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Sure, but they wouldn't have to sell it as an operating system just to remove the artificial restrictions. They could still support only their machines, and just not encrypt the binaries and all that nonsense.

But I'm not saying they should, as I said, I don't really care. I'm just saying that just because they don't want to support other machines, that doesn't mean they have to purposely block them.

I mean, Asus doesn't support Linux on their motherboards either, but they don't have BIOS checks verifying that the OS is supported and refusing to boot if it isn't; they just tell you "you're on your own".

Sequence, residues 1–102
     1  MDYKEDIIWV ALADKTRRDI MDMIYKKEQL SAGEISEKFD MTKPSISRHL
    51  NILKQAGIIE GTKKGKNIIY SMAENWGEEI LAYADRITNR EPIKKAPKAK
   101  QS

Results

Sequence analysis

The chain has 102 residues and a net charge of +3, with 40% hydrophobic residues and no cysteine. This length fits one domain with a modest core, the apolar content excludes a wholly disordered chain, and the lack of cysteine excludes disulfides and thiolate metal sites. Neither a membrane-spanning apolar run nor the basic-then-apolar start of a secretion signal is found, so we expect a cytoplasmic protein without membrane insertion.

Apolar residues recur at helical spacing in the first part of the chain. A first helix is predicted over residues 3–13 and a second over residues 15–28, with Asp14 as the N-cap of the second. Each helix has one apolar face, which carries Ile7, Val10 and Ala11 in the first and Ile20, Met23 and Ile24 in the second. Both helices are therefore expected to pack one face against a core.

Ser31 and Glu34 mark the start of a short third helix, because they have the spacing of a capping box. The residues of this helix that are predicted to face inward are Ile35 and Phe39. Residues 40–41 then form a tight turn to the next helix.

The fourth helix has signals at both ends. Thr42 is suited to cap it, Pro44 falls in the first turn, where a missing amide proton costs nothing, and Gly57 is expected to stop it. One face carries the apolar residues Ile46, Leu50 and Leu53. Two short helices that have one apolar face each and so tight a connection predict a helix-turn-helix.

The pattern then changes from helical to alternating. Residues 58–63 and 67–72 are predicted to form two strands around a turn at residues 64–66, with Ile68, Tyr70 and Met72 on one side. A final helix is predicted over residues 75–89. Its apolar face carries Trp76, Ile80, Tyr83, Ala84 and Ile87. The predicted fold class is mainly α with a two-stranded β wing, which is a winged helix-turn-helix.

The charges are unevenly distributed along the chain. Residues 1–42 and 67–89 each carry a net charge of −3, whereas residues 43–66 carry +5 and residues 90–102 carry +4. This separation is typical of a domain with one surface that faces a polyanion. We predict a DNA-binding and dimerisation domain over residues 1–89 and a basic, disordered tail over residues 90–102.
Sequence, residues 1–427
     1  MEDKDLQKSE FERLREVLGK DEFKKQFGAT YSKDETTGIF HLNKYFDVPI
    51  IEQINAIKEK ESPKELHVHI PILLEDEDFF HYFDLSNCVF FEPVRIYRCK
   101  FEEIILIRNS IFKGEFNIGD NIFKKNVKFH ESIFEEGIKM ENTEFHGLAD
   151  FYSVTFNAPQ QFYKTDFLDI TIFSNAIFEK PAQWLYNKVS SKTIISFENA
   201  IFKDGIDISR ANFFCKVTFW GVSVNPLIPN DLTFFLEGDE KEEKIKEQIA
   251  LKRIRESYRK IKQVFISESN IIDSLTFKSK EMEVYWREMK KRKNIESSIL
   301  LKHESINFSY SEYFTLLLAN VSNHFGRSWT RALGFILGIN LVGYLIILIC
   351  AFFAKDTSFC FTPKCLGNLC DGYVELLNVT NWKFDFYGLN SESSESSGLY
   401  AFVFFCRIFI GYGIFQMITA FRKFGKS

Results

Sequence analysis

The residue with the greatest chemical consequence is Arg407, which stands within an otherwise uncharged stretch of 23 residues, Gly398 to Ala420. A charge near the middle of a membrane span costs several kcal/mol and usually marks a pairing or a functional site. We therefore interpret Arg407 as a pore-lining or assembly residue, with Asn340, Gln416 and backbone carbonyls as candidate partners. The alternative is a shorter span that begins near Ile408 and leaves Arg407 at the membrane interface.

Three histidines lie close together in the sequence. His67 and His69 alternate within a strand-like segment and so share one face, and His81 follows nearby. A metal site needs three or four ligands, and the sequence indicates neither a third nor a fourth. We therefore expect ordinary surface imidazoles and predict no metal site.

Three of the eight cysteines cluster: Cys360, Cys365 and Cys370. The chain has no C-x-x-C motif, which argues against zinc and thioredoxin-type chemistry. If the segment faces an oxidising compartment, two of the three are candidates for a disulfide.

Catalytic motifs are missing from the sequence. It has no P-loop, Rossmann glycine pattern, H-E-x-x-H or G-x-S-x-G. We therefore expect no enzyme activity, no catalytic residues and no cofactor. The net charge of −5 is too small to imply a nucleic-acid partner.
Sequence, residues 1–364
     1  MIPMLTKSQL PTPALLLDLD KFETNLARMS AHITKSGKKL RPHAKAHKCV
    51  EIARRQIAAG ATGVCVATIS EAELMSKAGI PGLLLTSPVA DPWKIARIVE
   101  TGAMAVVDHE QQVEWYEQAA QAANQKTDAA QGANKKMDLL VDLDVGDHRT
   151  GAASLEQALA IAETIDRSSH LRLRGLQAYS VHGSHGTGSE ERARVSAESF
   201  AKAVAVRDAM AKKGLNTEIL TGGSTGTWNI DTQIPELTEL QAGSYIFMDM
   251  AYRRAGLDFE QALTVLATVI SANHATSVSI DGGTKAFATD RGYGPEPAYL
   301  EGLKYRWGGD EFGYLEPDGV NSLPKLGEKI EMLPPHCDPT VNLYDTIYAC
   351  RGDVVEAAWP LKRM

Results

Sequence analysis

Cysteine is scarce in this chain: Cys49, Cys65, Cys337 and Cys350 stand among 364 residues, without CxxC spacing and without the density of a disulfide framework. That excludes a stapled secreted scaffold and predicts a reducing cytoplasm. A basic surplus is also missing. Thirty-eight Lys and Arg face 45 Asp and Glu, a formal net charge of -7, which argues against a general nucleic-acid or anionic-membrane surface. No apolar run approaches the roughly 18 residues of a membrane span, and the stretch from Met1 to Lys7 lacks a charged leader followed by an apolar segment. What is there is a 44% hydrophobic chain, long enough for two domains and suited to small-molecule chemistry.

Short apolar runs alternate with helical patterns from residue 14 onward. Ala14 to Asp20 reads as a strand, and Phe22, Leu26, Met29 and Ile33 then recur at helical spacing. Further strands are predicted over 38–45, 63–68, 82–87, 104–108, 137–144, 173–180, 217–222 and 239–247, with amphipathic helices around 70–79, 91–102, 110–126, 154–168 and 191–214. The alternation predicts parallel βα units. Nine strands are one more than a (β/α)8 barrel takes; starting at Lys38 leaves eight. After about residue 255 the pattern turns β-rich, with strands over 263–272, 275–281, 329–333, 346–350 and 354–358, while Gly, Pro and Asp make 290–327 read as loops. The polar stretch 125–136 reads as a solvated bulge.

> they don't have BIOS checks verifying that the OS is supported and refusing to boot if it isn't

In fact the machines they're selling now almost certainly do have precisely this. It's called 'secure boot', and caused a lot of controversy. The major Linux distributions work because they've managed to get themselves signed with the appropriate key so the BIOS accepts them, but if you want to put a more niche distribution on there, you probably have to disable that check in the BIOS.


No, Secure Boot doesn't check if the OS is supported, it just checks if it's digitally signed, and that the signature is valid.

And you don't even have to disable the check if you want to use an unsigned distribution: most (all?) implementations allow the user to load her/his own public key to verify the signature against.

While we should worry about its impact - particularly in certain implementations - it's really not even close.




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